Title: Puppet Parade
Author: Zeinab Alayan
Length: 8039 Kindle units
Rating: 4.5 stars
Sophie and Oliver each makes a wish on the same star on the same night and is entirely unprepared for the consequences. Sophie, who has spent her life locked in her room by an evil stepmother, wishes to be free. Oliver, a solitary puppeteer whose wooden creations are his only friends, wishes that his puppets would come to life. He didn’t realize, though, that his puppets would immediately abandon him. So he runs off into the night to chase them and on the way meets Sophie, who is only too happy join him on his quest to find his friends. But the path to the puppets is not the one that either of them was expecting.
I feel the best way to present this is give a chronological history of my experience with the book.
When I first got the review request, I was on the fence about whether I wanted to read it. I decided on yes mostly because of information in the request indicating that the book had received positive reviews. When I got the file and saw how long the book was, I instantly regretted my decision to read it. But I persevered and made sure I cleared up a few extra days to read it.
So I start reading it, and it gets off to an interesting start, talking about Sophie being locked in her room. The writing is good and clear. Then we go to Oliver and discover that his only friends are wooden puppets. This struck me as odd-in-a-bad-way, and I am someone who has regular telephone calls with a stuffed tiger (Don’t ask). Then the puppets run away, and Oliver and Sophie run to catch them on the train, and the first place they end up is a town where everyone is religious. At this point, I accepted that the book was just going to be a bizarre farce that I didn’t get. Then they go to another town, where everyone is an entertainer, and I realized that the themed towns were part of the plot.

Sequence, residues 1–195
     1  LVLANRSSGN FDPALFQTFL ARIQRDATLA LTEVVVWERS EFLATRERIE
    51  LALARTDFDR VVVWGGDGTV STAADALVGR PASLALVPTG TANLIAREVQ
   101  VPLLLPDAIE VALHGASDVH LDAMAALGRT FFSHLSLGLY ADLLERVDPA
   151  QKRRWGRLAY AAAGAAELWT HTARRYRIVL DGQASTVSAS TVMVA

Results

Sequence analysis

That was about the point that I realized that Puppet Parade was AWESOME. And I continued to feel that way for the rest of the book. The book was interesting and original. I loved the plot. I loved the progression. I loved the puppets. (Monte the Meek Monster was my fav.)
As you can probably tell from the above, Puppet Parade was very odd. This is not bad in and of itself, but if you like your books well inside the norm, this one might be a bit too far out there, even for a fantasy novel. And it definitely takes some time to get into.
The story is very episodic, as Sophie and Oliver travel to different towns searching for different puppets. I think that I would have done some of the scenes in a different order. Some of them toward the end felt like they weren’t telling us anything we didn’t already know but that would have been very effective earlier in the story.
The story is about two otherwise unattached young people of opposite sexes going on a trip together, so it is inevitable that a romance will spring up between them. But, really, the romance is tertiary to everything else going on in the story. Which is actually good, because a strong romance would have been problematic for reasons that are discussed as each of the characters considers the other.
Will I read more?
I am pretty certain that this is a stand-alone novel, as I can’t imagine where it would go from here. And I have some fear that this is a single work of genius that can never be repeated by the author. But if I hear of the author putting out another book, I will probably pick it up and give it a try.
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